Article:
Q&A: Best Practices for Accessible Instructional Videos
Updated: January 4, 2018
When it comes to creating instructional videos, Jackie Luft, Online Accessibility Specialist, and Ian Wilkinson, Section Manager for Academic Facilities and Services, have mastered the art of creating accessible content at Texas Tech University.
There are many techniques you can implement to create better instructional videos. Read the following Q and A to get the scoop on how you can improve your videos. You can also watch the full webinar, Best Practices for Accessible Instructional Videos, to learn more about how Ian and Jackie have helped faculty create accessible content.
How do you get support to build out a plan for making course videos accessible?
JACKIE LUFT: We provide trainings. We have a great instructional design team that always includes accessibilities. We have a grant process at Texas Tech. If you’re building an online class, you can get money to make that class online. And when you go through that grant process, accessibility is a huge part of that.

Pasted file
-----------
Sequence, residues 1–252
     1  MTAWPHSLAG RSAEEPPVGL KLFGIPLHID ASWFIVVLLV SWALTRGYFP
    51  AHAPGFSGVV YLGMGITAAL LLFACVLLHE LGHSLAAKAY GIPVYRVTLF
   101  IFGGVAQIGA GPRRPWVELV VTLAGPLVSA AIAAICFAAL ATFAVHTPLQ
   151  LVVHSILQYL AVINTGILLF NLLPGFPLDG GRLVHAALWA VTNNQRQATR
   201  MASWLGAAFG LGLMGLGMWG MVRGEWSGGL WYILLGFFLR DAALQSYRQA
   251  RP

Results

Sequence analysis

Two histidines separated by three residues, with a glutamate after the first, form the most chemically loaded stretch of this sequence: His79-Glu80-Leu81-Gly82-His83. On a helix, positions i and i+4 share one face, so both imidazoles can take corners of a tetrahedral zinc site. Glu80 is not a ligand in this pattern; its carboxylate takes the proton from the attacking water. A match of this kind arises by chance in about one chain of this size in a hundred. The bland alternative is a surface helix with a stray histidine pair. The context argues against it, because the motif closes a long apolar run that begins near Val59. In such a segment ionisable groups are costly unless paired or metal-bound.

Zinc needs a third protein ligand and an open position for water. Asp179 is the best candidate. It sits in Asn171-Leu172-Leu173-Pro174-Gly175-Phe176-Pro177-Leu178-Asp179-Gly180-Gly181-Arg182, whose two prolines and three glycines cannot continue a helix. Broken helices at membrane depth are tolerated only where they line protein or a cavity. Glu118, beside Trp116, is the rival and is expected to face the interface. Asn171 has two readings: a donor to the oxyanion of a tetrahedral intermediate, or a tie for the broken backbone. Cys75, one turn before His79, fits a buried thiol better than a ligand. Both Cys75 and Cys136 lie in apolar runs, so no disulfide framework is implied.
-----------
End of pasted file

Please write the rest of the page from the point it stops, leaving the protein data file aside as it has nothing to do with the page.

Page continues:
I think it’s a slow and gradual process. In my position, as the accessibility specialist, you start off slow, and then you teach one person, and then you teach another person. And then they invite you to your department, and then another department hears about it.
“ It’s a lot of training and awareness. I think that a lot of people just are not aware. ”
I don’t have a script that says this is what I did first. This is what we do second. This is what we do third. It’s a lot of training and awareness. I think that a lot of people just are not aware. I’ll do a training, and the most often feedback I get is, oh, I had no idea.
How did you get faculty to buy into taking these accessibility initiatives?